Tag Archives: brand

How to Build an Online Marketing Fire

Knowing how to build a fire is just as essential for survival in the online marketing world as it is in the wilderness. A blazing campfire provides warmth, light and a way to cook food. The fire you want to build online increases awareness and generates online leads.

Fire-Starting Tools

To start a fire in the great outdoors, you typically need a match and strike board, a piece of flint and steel or a magnifying glass and the sun. In marketing, we consider having a well-defined brand and a strategic plan as the bare necessities to ignite the flame for your business.

Your audience needs to understand who you are as a company, what you stand for and why you’re in business. Without a well-thought-out brand, you run the risk of looking like and sounding like your competitors, and you will be stuck in a continuous lowest-price-wins battle. Without a strategic plan, you’re wandering through the wilderness battling the unexpected and rather than focusing on what you need to do to reach your goals.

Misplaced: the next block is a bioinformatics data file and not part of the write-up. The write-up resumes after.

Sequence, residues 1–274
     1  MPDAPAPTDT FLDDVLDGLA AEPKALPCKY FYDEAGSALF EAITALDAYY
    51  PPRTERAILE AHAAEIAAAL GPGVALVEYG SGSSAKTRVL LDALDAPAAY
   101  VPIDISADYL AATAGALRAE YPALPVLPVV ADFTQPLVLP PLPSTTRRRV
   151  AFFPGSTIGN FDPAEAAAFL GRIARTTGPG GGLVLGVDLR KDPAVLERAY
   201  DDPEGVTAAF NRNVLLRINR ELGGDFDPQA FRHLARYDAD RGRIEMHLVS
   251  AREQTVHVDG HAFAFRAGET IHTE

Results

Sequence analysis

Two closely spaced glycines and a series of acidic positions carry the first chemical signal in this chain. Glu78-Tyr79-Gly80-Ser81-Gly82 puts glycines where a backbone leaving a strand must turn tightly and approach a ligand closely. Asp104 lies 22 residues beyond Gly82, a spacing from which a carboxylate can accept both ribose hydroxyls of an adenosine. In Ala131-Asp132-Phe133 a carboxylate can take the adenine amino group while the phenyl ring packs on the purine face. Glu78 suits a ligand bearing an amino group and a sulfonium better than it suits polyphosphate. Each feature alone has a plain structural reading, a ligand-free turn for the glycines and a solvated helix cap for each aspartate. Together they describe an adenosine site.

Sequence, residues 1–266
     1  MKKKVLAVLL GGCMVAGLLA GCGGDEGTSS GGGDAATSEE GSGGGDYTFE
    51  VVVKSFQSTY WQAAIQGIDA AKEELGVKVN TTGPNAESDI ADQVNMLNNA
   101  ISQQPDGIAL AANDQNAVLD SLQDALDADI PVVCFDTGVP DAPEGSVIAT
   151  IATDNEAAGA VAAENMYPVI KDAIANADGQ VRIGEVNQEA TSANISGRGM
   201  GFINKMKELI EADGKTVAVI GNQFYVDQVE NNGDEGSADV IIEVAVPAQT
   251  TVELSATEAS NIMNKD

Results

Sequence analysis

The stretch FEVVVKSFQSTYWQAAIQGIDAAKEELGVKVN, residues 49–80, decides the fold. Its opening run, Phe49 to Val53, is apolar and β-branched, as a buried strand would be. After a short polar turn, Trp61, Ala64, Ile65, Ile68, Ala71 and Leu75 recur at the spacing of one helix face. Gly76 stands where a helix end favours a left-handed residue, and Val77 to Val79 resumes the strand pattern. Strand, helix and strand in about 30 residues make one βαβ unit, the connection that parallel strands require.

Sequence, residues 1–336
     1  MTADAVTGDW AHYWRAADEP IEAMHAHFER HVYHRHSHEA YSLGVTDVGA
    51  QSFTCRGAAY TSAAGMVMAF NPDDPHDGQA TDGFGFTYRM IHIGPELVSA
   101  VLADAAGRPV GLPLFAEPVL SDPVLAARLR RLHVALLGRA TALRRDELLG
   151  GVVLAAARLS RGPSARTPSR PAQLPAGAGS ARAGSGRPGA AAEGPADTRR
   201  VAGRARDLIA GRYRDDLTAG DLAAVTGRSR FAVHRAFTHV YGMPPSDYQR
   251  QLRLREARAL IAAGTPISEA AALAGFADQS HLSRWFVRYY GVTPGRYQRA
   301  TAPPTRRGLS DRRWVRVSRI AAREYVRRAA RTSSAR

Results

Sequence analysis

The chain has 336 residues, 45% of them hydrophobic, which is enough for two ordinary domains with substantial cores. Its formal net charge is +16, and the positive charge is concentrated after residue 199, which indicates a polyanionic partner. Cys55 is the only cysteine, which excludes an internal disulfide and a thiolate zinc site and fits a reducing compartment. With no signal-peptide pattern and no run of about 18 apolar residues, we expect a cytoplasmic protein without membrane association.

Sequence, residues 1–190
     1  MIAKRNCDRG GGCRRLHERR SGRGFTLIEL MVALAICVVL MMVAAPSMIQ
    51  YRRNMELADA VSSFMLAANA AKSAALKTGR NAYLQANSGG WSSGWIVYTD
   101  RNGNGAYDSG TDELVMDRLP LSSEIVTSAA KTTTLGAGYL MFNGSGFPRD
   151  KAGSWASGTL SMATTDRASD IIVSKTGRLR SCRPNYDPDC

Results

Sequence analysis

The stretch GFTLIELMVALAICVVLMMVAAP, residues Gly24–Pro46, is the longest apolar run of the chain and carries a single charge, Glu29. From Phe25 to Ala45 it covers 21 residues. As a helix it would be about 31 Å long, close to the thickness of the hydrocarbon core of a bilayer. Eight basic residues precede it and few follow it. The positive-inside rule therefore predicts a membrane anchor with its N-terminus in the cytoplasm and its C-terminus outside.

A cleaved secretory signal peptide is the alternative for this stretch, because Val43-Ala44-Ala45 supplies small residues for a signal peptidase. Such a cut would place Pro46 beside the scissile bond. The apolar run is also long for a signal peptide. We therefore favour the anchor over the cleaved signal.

Tinder

No matter where you are, creating a flame can be a lot of hard work — and it’s all for naught if there is no tinder to catch the flame.

In digital marketing, your “tinder” would be your website. Your website is the hub, or the core of all your online marketing efforts. For your website to attract and retain traffic — or “catch fire” — it must be optimized for search engines, easy-to-use and appealing. Without a well-optimized and user-friendly website, you will end up rubbing two sticks together all night long with no results.

However, while tinder catches fire easily, the fire quickly dies out without added support.

Kindling

When building a fire, you need materials that provide more substance than tinder provides to keep the flame burning long enough for your fuel wood to catch. This is where kindling comes in.

In marketing, you can use search engine optimization (SEO) and online advertising. When following best practices, SEO and online advertising can quickly and easily increase awareness and direct traffic to your website. Just as kindling must be dry to work, your website and online ads must be optimized with keywords to work.